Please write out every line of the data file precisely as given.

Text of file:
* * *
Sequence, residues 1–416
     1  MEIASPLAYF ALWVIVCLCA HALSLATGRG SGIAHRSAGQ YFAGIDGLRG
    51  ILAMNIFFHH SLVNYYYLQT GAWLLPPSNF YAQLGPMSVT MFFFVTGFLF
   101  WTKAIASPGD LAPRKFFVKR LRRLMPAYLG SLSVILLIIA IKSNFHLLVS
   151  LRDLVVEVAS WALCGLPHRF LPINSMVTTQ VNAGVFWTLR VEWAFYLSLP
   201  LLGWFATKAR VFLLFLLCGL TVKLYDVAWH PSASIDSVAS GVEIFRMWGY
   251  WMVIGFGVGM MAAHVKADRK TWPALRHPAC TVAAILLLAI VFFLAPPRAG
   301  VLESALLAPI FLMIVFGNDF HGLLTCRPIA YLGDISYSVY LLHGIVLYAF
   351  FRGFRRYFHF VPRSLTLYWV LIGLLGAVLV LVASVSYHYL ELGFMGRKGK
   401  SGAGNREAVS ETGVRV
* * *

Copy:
Sequence, residues 1–416
     1  MEIASPLAYF ALWVIVCLCA HALSLATGRG SGIAHRSAGQ YFAGIDGLRG
    51  ILAMNIFFHH SLVNYYYLQT GAWLLPPSNF YAQLGPMSVT MFFFVTGFLF
   101  WTKAIASPGD LAPRKFFVKR LRRLMPAYLG SLSVILLIIA IKSNFHLLVS
   151  LRDLVVEVAS WALCGLPHRF LPINSMVTTQ VNAGVFWTLR VEWAFYLSLP
   201  LLGWFATKAR VFLLFLLCGL TVKLYDVAWH PSASIDSVAS GVEIFRMWGY
   251  WMVIGFGVGM MAAHVKADRK TWPALRHPAC TVAAILLLAI VFFLAPPRAG
   301  VLESALLAPI FLMIVFGNDF HGLLTCRPIA YLGDISYSVY LLHGIVLYAF
   351  FRGFRRYFHF VPRSLTLYWV LIGLLGAVLV LVASVSYHYL ELGFMGRKGK
   401  SGAGNREAVS ETGVRV